The Thursday Review: The Unsung Songs in Church

First published November 24, 2009

Besides my list of songs written in 7/4 time, I've also been working on a list of the saddest songs I know. So far my list (in no particular order) includes:

1. "Mothers of the Disappeared," U2.
A haunting lament giving voice to the heartbreak of the Argentinian Mothers of the Plaza de Mayo, whose sons and daughters opposed the Videla and Galtieri coup d'etat in 1976, and were kidnapped, never to be seen again.
In the trees our sons stand naked
Through the walls our daughters cry
See their tears in the rainfall

2. "Bonny Portmore," Traditional (Lorena McKennitt).
A traditional Celtic lament mourning the loss of the ancient oak forests of Ireland, which were clear-cut to provide lumber for English ship-building projects.
All the birds in the forest, they bitterly weep
Sighing, "Where shall we shelter, where shall we sleep?"
For the Oak and the Ash tree are all cutten down,
And the walls of bonny Portmore are all down to the ground.

3. "Strange Fruit," Billie Holiday.A vivid and arresting song decrying the lynching of two black men in in the southern US in the 1930s.
Southern trees bear strange fruit
Blood on the leaves, blood on the root

4. "Hallelujah," Leonard Cohen.
A song about love and failure and the gapping space that yawns between human hearts.
I did my best, it wasn't much
I couldn't feel, so I tried to touch
I've told the truth, I didn't come to fool you
And even though it all went wrong
I'll stand before the Lord of Song
With nothing on my tongue but Hallelujah

5. "Siúil a Rúin," Traditional.
The lament of an Irish girl whose darling has left to fight in the continental wars.
I'll sell my rod, I'll sell my reel
I'll sell my only spinning wheel
For to by my love a sword of steel
And safe forever may my darling be

And as I make this list, I'm thinking about church music, worship music, the whole praise-chorus shebang, and wondering about how little lament it allows. We don't often hear songs in church with the pathos of a "Mothers of the Disappeared," the honesty of a "Hallelujah," the ache for Shalom of a "Strange Fruit," or the sensitivity of a "Bonny Portmore." (Though after writing these sentences, I remember that we sang "All I Can Say" last Sunday at our church, which certainly gets a vote for real pathos and honesty and ache for Shalom.)

But maybe we're missing something when we don't. We are, after all, called to weep with those who weep; and music that gives voice to the ache, I think, is also one of the good and perfect gifts of the Creator.
The Psalmists knew this.

You wouldn't necessarily guess it from the way their heart-cries have trickled down into the peppy hymnody of the church, but there is some pretty raw stuff in there. I remember the day I read Psalm 43, of "As the Deer" fame, and suddenly realized that this is not the melodic, somewhat soporific song we sing in church. Whatever else this"Maskil for the Sons of Korah" is for, it's not for crooning devotion. It's for crying desperation.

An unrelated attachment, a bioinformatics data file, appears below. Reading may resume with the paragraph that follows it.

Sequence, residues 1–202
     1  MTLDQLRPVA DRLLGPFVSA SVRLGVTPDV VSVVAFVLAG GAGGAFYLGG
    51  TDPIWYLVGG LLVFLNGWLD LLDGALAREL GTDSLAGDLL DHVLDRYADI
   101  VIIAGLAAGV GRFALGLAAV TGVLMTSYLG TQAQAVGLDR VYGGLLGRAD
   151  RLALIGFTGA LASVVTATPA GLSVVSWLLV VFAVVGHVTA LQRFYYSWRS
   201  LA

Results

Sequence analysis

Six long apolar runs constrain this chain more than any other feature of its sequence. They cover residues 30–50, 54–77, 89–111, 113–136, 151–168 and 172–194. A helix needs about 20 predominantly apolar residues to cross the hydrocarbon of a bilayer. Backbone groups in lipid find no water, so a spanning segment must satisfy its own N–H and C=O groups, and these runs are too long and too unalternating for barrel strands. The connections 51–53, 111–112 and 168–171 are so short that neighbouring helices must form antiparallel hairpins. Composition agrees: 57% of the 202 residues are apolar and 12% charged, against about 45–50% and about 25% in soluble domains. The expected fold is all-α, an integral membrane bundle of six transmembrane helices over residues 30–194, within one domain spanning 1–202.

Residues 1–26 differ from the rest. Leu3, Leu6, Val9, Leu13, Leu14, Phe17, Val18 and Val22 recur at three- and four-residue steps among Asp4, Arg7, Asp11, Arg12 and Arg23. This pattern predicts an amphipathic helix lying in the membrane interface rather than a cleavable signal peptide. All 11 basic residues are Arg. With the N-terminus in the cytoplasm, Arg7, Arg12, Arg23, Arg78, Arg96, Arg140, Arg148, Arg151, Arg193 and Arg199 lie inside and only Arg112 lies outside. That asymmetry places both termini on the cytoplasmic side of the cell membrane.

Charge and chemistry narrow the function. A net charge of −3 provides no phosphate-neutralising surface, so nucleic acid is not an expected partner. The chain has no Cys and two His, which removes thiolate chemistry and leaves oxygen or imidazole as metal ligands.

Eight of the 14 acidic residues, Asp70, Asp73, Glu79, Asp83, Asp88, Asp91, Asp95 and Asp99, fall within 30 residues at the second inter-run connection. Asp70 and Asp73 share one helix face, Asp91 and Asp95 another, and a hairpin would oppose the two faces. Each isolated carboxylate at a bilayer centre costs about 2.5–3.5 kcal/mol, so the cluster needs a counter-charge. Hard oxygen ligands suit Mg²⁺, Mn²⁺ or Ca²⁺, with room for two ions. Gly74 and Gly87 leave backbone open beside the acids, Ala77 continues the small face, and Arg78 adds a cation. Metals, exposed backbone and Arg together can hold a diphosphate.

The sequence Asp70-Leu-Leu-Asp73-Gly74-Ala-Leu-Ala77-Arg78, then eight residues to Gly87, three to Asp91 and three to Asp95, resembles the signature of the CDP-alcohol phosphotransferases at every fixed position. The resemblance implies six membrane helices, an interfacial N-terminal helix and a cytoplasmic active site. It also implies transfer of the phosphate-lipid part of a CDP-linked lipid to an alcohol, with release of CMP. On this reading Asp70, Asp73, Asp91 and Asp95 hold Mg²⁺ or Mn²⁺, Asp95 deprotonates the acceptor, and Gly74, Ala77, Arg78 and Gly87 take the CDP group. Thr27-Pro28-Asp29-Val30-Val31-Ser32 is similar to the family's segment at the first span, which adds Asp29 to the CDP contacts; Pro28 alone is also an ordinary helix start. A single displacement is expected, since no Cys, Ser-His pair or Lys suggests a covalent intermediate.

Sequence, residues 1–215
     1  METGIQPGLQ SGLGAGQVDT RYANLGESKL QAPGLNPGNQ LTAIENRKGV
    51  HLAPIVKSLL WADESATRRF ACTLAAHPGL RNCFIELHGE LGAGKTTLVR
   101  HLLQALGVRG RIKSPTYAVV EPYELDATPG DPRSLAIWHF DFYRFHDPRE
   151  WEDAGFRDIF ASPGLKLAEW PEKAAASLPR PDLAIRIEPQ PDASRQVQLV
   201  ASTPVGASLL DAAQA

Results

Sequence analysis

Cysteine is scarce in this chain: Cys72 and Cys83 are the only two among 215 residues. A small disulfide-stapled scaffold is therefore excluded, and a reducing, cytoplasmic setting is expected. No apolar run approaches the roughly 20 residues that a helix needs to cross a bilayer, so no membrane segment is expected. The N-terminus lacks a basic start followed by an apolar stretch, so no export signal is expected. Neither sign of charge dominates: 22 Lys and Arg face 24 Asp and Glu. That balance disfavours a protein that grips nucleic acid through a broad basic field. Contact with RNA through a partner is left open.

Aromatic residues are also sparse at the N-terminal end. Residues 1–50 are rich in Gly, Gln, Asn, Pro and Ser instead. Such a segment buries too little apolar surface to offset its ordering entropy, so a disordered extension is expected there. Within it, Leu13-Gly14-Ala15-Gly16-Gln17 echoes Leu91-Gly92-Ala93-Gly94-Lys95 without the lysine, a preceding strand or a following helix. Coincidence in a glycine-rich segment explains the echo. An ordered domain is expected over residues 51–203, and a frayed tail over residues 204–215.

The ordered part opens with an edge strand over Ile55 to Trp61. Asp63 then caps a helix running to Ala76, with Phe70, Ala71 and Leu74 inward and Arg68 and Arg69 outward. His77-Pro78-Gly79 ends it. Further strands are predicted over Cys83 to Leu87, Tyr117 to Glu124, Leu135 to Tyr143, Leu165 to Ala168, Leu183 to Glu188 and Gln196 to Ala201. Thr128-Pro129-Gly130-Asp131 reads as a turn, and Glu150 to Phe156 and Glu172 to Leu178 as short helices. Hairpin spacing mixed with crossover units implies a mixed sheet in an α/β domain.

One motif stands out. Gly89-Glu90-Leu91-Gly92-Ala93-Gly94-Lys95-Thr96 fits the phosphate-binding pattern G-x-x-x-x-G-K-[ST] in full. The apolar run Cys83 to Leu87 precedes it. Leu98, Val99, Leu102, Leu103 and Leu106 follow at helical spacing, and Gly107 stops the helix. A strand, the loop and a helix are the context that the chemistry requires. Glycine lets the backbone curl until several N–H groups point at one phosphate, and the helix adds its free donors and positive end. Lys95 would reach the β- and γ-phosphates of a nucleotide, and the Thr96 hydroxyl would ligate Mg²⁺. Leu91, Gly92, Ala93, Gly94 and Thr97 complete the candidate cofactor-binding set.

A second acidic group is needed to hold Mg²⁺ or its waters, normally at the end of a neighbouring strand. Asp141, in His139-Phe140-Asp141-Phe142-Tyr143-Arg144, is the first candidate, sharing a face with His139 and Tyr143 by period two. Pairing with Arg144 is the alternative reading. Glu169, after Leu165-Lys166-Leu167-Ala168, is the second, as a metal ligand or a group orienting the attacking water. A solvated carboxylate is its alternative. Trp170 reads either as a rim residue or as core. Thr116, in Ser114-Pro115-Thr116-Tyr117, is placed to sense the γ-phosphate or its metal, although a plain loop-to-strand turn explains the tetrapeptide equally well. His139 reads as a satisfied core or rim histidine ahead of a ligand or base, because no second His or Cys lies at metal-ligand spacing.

Desperation for justice, for deliverance, for vindication, for restoration, for any food other than the tears that have been his sole nourishment day and night without count.

This is lament, not love-song.

A while ago, I was preparing to lead worship in my church, and asking about the missing laments in contemporary church music, and wondering what to do about it. I sat down and tried to work out an arrangement for "As the Deer" that might give a bit more room for the original ache of the Psalm to speak. Still thinking about the unsung laments of the people of God, I offer it here.

Seminary Flotsam (II): As Yahweh Lives

Paper: As Yahweh Lives: The Anti-Baal Polemic of the Elijah Narrative

Overview: This paper presents a close-reading of the Elijah narrative in 1 Kings 17-19, tracing the theme of Yahweh's supremacy over Ba'al, and setting this theme within its original Ancient Near Eastern context.

Thesis: The Elijah narrative presents an argument in favor of Yahweh and against Baal on the basis of Yahweh’s transcendence of the mythic framework in which Baal was believed to operate. In his transcendence over the fertility cycles that underlie the Baal myth and ultimately in his transcendence over the power of death, Yahweh reveals himself as supreme. In contrast to Baal’s claim on the hearts of Israel—a claim based on an aesthetically satisfying explanation of how the cosmos functioned that promised political power and prosperity to the people—Elijah asserts Yahweh’s claim on his people—a claim based on his sovereign covenant with the nation.

From the Beginning: A Devotional Commentary on Genesis (IV)

I've read the Noah's Ark story any number of times before, but something sort of struck me recently in a fresh way. In Genesis 8:13, it says that "By the first day of the first month ... the water had dried up from the earth, and Noah 'removed the covering of the ark' and saw that the ground was dry." In my mind, I picture Noah already stepping out, onto long-awaited dry ground. But then in 8:14, it says, by the 27 day of the second month, roughly 57 days later, the ground was completely dry, and then God told Noah to come out of the ark (v.15).